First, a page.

Polling shows Sadiq Khan could win London mayoral race in first round

Sienna Rodgers

Polling suggests that Sadiq Khan could win the London mayoral race in the first round on the basis of first preference votes alone as the Labour candidate maintains a strong lead ahead of voters heading to polls on May 6th.

Khan won the 2016 mayoral election 44.2% of first preferences and 56.8% of the vote in the second round. Tory candidate Zac Goldsmith secured a 43.2% share of votes in the second round, with other candidates eliminated.

Research by Opinium suggests he could do better this year. Although Khan is down two percentage points compared to the last poll, the Labour candidate is on 51% of votes compared to 29% for the Conservative candidate.

Shaun Bailey has been strongly criticised for his Tory mayoral campaign, described as “comically bad” by The New Statesman. YouGov polling also shows Khan is way ahead of his Conservative rival, with at least a 20-point lead.

Opinium polling shows Green candidate Siân Berry and Liberal Democrat candidate Luisa Porritt tied third on 8%, both up one point on the last poll, UKIP’s Peter Gammons on 1% and 2% selecting “another candidate”.

The same research does also show, however, that Khan’s net approval is relatively narrow: 41% approve of his handling of the London mayor job, while 34% disapprove, and 19% of Labour voters disapprove of his performance.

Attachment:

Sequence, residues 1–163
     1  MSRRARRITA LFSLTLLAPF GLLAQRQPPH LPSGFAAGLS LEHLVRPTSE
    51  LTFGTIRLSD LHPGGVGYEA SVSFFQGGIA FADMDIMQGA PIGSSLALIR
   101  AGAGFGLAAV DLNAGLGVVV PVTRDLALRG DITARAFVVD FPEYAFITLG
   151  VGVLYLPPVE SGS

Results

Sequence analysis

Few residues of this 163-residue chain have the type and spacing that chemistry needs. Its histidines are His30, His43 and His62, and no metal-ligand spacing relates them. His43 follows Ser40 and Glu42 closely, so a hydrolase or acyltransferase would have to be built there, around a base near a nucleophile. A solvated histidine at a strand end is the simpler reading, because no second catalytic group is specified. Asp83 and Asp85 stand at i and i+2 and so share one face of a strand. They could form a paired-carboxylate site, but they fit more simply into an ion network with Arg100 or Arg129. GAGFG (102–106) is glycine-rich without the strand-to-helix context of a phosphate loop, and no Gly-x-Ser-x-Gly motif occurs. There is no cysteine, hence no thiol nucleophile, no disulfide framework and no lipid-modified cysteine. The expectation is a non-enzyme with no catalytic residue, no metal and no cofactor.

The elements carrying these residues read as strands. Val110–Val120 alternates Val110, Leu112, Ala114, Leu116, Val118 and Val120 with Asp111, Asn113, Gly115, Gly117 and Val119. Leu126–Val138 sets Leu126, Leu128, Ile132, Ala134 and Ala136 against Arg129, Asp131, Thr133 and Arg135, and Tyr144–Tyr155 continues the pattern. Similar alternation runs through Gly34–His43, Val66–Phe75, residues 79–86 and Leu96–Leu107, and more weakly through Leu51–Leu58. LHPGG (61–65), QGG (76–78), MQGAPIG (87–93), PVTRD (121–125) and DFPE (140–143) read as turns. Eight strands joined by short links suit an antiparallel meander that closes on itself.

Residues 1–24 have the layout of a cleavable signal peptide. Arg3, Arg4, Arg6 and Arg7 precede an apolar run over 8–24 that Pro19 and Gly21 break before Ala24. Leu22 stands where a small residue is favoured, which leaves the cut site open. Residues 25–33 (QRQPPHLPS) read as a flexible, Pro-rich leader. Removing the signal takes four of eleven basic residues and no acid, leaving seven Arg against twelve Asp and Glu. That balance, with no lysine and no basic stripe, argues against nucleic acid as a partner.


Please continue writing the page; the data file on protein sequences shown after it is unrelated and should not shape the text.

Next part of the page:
Crime is the top issue for London voters, according to the polling, followed by the NHS, housing and the economy. Khan has a lead across all four key issues with voters saying he has the best approach to their priorities.

Commenting on the results, James Crouch, senior research manager in the polling team at Opinium, said: “There is nothing in our latest poll which casts doubt on the most likely outcome of the election next month.

“Even if it’s touch and go whether Sadiq Khan will get over 50% on first preference votes, he still has a clear lead over the Conservative candidate. Some might be unsettled at the drop in his approval rating over the past few weeks but it has not seriously dented his chances of re-election.

“The biggest change mid-campaign is that crime is now perceived to be the most important issue in the capital, replacing health and the NHS. Mr Khan has a lower lead on this issue, which might explain the slight dip in his polling numbers.

“Nevertheless, while Shaun Bailey remains behind Mr Khan on every issue, including crime, it’s almost impossible to see a successful route to the mayoralty for the Conservatives.”

Voters are set to choose who will run London on May 6th, as people also vote in elections for 5,000 councillors, 40 police and crime commissioners, the Scottish and Welsh parliament, seven metro mayors and five local authority mayors.

Residents in the capital will take part in the London Assembly elections for Greater London Authority members and pick their preferred candidate to be the mayor of London in contests that were postponed due to the pandemic.

Labour’s manifesto for London sets a target of 10,000 new council homes, commits to piloting a City Hall developer, aims to make the city carbon neutral by 2030 and create over 170,000 new green jobs amongst other pledges.

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